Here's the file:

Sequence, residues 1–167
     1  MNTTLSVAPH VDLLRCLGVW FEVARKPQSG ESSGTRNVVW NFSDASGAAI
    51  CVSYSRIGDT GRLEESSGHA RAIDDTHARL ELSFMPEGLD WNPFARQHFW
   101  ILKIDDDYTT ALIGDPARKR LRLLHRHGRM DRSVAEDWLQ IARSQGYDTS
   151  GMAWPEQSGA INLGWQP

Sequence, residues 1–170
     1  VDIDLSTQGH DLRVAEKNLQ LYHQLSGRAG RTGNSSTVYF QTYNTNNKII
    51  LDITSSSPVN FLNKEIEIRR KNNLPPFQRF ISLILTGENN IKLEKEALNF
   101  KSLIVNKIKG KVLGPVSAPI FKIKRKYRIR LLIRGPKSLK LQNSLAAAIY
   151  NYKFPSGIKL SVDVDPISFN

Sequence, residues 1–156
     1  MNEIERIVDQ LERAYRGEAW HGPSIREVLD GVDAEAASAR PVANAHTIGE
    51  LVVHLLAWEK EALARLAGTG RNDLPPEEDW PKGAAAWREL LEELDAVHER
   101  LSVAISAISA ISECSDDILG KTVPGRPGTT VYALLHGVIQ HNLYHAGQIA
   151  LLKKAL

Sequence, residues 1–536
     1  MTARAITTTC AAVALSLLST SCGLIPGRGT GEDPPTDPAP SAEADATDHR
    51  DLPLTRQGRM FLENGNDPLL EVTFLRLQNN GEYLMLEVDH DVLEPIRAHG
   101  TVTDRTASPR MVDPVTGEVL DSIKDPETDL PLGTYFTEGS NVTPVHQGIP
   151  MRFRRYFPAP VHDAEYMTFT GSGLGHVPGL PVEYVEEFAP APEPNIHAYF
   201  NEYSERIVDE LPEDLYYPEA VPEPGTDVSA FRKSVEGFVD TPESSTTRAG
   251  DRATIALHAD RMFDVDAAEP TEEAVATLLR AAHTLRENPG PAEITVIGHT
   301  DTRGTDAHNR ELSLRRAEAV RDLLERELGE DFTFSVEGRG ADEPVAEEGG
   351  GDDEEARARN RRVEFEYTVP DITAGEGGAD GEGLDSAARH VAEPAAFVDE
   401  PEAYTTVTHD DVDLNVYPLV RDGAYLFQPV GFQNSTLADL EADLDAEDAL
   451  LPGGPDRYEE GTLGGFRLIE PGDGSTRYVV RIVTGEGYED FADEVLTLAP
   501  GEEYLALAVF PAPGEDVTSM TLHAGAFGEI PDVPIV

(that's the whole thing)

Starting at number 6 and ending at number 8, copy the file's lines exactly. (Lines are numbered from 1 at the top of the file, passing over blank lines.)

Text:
Sequence, residues 1–170
     1  VDIDLSTQGH DLRVAEKNLQ LYHQLSGRAG RTGNSSTVYF QTYNTNNKII
    51  LDITSSSPVN FLNKEIEIRR KNNLPPFQRF ISLILTGENN IKLEKEALNF